The author of the number-one New York Times best seller The Revenant - the basis for the award-winning motion picture starring Leonardo DiCaprio - tells the remarkable story of the worst hard-rock mining disaster in American history.
The worst hard-rock mining disaster in American history began a half hour before midnight on June 8, 1917, when fire broke out in the North Butte Mining Company's Granite Mountain shaft. Sparked more than 2,000 feet below ground, the fire spewed flames, smoke, and poisonous gas through a labyrinth of underground tunnels. Within an hour more than 400 men would be locked in a battle to survive. Within three days 164 of them would be dead.
Fire and Brimstone recounts the remarkable stories of both the men below ground and their families above, focusing on two groups of miners who made the incredible decision to entomb themselves to escape the gas. While the disaster is compelling in its own right, Fire and Brimstone also tells a far broader story striking in its contemporary relevance. Butte, Montana, on the eve of the North Butte disaster, was a volatile jumble of antiwar protest, an abusive corporate master, seething labor unrest, divisive ethnic tension, and radicalism both left and right. It was a powder keg lacking only a spark, and the mine fire would ignite strikes, murder, ethnic and political witch hunts, occupation by federal troops, and ultimately a battle over presidential power.
©2013 Michael Punke (P)2016 Random House Audio
Very interesting, well done.. Told the story of power and greed and what it did it the lives of so many. There was more than enough money for all to have had decent lives had those in power been decent humans.
The Good -
Well, I learned about an American tragedy that I had never even heard of before. I also learned that the remains of this tragedy are still with us today and will be for a very long time [to avoid a spoiler I'll leave it at that]. This book popped up on my recommendations based on my library and I thought I'd give it a try. Being one who prefers the industrial accident and nonfiction reality books I am glad that I learned about this if only for the sake of the men who died because of others stupidity. For the most part I liked, but did not love it. However, admittedly I took a very long time to listen due to my work schedule and other things so that may have a bit to do with my flat feeling at this point.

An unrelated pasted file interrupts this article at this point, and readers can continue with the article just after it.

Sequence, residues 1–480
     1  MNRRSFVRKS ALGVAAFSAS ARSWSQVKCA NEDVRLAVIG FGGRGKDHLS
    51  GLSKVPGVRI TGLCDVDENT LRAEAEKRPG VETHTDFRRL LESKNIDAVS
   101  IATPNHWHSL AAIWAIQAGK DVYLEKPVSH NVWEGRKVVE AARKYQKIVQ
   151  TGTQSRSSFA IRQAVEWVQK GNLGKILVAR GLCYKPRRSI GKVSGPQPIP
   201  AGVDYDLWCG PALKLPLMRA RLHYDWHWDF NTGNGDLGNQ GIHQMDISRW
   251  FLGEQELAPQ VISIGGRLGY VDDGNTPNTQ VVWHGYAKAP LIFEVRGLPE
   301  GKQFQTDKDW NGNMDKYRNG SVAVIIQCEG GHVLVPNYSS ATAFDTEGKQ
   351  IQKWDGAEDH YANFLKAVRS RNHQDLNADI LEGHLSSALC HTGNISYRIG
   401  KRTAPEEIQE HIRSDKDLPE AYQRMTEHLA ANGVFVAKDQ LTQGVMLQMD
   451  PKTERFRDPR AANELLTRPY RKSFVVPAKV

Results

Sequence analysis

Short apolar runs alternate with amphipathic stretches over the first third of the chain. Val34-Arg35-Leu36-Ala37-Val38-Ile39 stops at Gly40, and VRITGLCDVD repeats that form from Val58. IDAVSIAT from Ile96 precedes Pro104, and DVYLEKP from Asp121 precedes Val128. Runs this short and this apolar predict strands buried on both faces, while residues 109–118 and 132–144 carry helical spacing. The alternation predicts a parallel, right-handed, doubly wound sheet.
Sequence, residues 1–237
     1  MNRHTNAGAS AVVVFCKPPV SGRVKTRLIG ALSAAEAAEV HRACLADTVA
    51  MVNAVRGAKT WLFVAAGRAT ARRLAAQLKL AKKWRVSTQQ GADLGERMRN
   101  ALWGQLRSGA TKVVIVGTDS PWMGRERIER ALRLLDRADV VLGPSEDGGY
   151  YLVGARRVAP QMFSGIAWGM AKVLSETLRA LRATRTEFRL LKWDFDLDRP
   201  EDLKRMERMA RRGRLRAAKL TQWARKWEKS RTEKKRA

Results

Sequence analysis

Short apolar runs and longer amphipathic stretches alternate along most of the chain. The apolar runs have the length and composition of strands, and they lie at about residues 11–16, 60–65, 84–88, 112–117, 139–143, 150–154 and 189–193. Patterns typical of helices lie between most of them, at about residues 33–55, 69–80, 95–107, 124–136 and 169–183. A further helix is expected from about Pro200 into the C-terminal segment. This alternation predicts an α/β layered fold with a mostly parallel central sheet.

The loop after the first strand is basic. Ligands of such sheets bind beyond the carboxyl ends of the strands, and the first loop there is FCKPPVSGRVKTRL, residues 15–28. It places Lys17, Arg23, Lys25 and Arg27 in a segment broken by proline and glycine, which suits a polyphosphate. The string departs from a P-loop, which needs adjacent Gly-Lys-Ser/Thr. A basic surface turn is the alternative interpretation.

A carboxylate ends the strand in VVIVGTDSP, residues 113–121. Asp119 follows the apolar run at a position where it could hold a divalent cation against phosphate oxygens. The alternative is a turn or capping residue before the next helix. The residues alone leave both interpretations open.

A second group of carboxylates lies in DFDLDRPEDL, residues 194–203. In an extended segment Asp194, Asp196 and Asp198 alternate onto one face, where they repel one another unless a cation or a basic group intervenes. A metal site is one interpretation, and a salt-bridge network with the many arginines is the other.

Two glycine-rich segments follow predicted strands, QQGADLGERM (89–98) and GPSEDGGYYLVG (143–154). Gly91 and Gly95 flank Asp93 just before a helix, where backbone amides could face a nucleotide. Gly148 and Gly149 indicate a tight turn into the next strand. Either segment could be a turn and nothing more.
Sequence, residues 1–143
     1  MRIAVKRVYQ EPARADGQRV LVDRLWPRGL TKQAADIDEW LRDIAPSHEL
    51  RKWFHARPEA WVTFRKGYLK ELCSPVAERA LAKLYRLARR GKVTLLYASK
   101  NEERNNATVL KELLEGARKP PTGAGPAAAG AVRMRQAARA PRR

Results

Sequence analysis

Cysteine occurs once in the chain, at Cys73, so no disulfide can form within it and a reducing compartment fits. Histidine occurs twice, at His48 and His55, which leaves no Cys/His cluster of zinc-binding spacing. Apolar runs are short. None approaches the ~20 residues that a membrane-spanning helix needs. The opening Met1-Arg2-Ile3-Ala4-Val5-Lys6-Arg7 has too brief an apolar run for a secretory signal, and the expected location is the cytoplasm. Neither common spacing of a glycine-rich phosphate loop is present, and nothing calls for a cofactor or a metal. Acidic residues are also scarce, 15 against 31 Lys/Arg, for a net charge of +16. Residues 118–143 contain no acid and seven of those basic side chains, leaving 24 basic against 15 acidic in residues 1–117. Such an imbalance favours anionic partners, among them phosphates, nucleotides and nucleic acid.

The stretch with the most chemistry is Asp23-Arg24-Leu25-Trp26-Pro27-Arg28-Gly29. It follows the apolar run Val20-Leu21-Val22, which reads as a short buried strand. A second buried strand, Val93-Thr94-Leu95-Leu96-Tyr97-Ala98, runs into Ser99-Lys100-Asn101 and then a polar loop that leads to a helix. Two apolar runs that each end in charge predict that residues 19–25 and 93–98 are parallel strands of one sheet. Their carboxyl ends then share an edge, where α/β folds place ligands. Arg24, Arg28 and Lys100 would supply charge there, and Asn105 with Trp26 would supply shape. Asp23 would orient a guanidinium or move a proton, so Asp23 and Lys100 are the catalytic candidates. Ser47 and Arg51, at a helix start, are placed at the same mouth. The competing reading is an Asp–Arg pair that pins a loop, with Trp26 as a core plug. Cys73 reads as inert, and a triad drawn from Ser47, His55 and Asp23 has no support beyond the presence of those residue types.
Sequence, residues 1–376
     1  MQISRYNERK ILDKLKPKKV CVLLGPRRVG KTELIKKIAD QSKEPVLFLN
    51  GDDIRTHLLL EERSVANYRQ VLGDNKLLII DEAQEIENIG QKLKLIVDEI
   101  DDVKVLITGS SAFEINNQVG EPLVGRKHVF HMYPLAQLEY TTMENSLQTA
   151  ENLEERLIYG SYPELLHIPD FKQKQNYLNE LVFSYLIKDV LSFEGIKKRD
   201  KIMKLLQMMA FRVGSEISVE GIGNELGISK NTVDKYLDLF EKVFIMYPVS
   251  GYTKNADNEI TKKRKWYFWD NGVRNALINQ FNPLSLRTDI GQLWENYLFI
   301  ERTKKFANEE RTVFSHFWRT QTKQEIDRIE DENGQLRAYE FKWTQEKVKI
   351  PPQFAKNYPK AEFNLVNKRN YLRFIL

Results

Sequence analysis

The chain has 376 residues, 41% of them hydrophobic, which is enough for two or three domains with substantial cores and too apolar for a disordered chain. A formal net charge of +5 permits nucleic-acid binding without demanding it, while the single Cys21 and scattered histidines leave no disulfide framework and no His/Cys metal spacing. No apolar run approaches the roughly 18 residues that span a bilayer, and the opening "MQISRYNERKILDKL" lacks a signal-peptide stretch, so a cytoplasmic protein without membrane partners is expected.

The Not So Good -
The actual moments of the incident that started the entire chain of events could have used a bit more detail or elaboration. I don't know, but it was lacking something in this area.
The Bad -
Nothing was "bad" per se; refer to previous paragraph.
The Narration -
Solid and easy to listen to. The performance didn't make me want to run out and try to find another book by Christopher Grove, but I wouldn't avoid one either.
The Overall -
If you like books about industrial accidents or real life survival stories I don't think you'll be disappointed in this book. I do plan to keep it and try a second listen in the future just to see if it was really my schedule or the book that left me so, so about it. If my review makes you take pause then I'd suggest you look at some of my other reviews in this genre.
Summarization of the politics and more of the mine story. Loved the story as a whole tho and would have loved more explanation of the remaining pit and current day butte:)
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